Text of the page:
As we have noted elsewhere in Cultural Currents, Mezzo-soprano Sasha Cooke has earned acclaim for a wide variety of roles with San Francisco Opera, and she stars in Hansel and Gretel, during this holiday season.
Here is the interview we promised.
Cultural Currents: You have played Hansel to great acclaim with Seattle Opera and LA Opera. Are there any new perspectives being brought to the forefront in this one?
Sasha Cooke: What’s most interesting about returning to a piece is how the individual actors impact the show and bring their own ideas. So what has changed the most for me with this production is experiencing this wonderful new cast. Heidi Stober may be the best Gretel I’ve ever seen and when we are onstage together I often feel like a married couple in the sense we are two halves of the same entity. I almost don’t even look at Heidi because I feel so connected to her onstage. In the production, I really appreciate the focus on poverty which is at the heart of the original Grimm. In the overture, where normally no stage action takes place, we have a couple tableaux of the family and their decline from having food on the table to having almost none. It’s very poignant and moving, especially in a city like San Francisco, where one doesn’t need to look far to understand that struggle.
CC: We last saw conductor, Christopher Franklin, when he was here to lead the orchestra and the SFO Adler Fellows. What is it like working with him?
Cooke: Christopher is wonderful to work with! He is one of the most friendly and open conductors. It’s easy to feel really comfortable with him, which isn’t always the case with opera conductors!
CC: Also on hand will be SFO’s chorus director and conductor, Ian Robertson. He told us in an interview that his chorus “trains like athletes” Do you have a similar regimen?
Cooke: Absolutely! Like athletes, we really have to train and keep in shape as opera singers. Everything we do affects our singing. I try to not take it all ‘too’ seriously but what you eat, how you sleep, how much socializing and of course exercise all take a role in one’s vocal picture. I usually work out before a performance because it warms up the body and the voice in a way that a vocal warm-up can’t do. The breath naturally is the most important ingredient of singing and exercise awakens it in the best way. Also, it turns out exercise hydrates the voice.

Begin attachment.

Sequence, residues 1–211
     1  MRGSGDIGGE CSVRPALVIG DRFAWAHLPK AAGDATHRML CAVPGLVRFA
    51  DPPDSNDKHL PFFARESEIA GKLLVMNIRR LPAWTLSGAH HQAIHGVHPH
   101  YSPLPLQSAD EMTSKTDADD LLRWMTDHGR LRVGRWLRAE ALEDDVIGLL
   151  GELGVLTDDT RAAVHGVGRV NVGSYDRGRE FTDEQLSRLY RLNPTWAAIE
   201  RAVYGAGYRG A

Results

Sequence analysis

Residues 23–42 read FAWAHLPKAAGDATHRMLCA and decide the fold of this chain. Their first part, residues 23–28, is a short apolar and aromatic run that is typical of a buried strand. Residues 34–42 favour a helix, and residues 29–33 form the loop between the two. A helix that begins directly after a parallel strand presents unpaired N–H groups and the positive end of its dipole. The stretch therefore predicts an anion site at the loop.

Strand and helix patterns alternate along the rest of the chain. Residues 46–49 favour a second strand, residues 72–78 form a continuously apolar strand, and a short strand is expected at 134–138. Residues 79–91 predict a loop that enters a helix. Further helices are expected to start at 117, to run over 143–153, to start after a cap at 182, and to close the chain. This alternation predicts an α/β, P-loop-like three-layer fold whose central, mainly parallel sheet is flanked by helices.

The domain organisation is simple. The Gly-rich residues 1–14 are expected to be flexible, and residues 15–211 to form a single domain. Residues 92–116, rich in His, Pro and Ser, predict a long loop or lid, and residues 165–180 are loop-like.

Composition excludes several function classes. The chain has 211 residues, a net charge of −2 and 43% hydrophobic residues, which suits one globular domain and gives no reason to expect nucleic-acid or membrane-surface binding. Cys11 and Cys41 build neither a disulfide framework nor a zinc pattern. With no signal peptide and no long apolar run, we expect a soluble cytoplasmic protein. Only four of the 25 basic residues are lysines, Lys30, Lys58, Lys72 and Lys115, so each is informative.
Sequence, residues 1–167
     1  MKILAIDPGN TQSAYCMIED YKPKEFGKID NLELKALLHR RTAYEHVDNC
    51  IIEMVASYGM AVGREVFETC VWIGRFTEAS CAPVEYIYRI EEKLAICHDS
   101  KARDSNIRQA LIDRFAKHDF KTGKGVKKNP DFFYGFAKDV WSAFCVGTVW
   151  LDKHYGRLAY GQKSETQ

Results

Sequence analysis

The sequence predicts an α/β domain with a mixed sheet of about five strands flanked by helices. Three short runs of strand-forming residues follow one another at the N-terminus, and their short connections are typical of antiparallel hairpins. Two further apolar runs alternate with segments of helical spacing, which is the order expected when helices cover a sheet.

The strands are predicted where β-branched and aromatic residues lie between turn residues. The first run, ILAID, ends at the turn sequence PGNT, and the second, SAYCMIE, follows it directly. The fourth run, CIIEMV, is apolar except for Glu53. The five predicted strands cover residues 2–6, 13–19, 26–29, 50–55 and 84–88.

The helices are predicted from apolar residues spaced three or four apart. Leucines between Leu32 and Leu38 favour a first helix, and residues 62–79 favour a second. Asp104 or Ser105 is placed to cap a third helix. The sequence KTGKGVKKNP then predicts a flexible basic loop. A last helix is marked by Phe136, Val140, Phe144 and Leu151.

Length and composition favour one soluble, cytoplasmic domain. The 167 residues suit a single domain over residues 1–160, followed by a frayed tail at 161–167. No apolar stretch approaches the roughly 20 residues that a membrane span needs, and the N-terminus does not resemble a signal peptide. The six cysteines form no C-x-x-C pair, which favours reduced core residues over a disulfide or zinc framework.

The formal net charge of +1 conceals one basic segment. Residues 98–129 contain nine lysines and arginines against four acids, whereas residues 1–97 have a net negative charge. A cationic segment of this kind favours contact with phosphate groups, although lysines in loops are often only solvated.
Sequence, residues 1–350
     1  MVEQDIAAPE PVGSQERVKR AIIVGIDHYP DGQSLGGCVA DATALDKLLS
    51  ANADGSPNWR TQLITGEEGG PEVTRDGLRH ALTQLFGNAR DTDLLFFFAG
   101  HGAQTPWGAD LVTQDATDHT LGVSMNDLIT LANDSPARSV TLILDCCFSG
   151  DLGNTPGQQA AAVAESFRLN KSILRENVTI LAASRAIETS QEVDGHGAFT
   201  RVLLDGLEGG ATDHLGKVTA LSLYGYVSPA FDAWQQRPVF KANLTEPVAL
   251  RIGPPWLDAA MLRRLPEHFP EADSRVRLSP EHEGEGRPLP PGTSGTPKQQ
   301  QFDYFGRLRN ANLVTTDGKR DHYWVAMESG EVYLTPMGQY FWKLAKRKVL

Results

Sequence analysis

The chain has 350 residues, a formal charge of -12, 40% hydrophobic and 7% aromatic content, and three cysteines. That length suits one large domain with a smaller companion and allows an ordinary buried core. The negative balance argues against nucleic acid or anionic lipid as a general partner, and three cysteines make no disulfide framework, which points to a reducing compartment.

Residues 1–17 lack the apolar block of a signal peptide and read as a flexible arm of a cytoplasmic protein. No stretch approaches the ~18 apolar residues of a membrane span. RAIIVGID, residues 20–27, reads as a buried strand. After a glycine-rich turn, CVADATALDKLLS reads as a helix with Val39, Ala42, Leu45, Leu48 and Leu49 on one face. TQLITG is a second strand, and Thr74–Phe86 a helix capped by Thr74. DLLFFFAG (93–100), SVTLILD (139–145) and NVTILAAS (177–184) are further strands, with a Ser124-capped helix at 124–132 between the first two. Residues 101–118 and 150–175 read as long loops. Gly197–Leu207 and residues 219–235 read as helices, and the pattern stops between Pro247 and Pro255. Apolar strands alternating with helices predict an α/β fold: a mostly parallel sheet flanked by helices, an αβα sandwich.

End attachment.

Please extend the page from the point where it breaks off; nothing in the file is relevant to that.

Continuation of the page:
CC: The San Francisco Symphony is producing the world premiere of Rilke Songs, a six-part song cycle based on the lyric poems of Rainer Maria Rilke which you will sing. This was composed by MTT, who will also conduct the orchestra. How does one prepare for such a daunting challenge?
Cooke: I suppose I find this less daunting because I’ve sung a lot of new music and I have been fortunate to have some close relationships with composers. Michael is a wonderful composer which I think most people don’t realize. So most of all, I’m looking forward to celebrating him and his music. He has been one of the greatest gifts in my life and there is no one I’ve worked with more. What will be a little daunting that month is that I have two world premieres back to back because the following week I sing Jake Heggie’s Intonations with the Violins of Hope at Music at Kohl Mansion. It will be a whirlwind couple weeks but I’m really looking forward to it.
CC: We understand that you are an avid reader of poetry. Any particular poets who may especially appeal to ferry riders and others who spend time on the Bay?
Cooke: I love this question and I don’t think anyone has ever asked me so thank you! Jane Kenyon has been on my mind a lot lately and in my airbnb here in San Francisco there’s a wonderful collection of one of my favorites, Robert Frost. And the other day I discovered an amazing Jane Hirshfield poem called “Let them not say.”
CC: The (R)evolution of Steve Jobs is being staged by SFO in the summer season. Given that some members of the audience will have an emotional bond with this man, may we expect a different approach to the narrative?
Cooke: This is probably the most amazing aspect of the opera, that everyone comes in having a connection to the subject matter but it’s not what you expect. It’s truly an every-person opera and less about what Steve Jobs specifically was or did. It’s more focused on the emotional truths and struggles we all share and how life is determined less by what we achieve professionally and more by what we create and nurture personally. I was struck by the opening sequence in the documentary about Steve Jobs called “The Man in the Machine.” It begins with footage of the mourning that happened worldwide following his death and just the fact that nearly the entire world was and continues to be touched by this one man.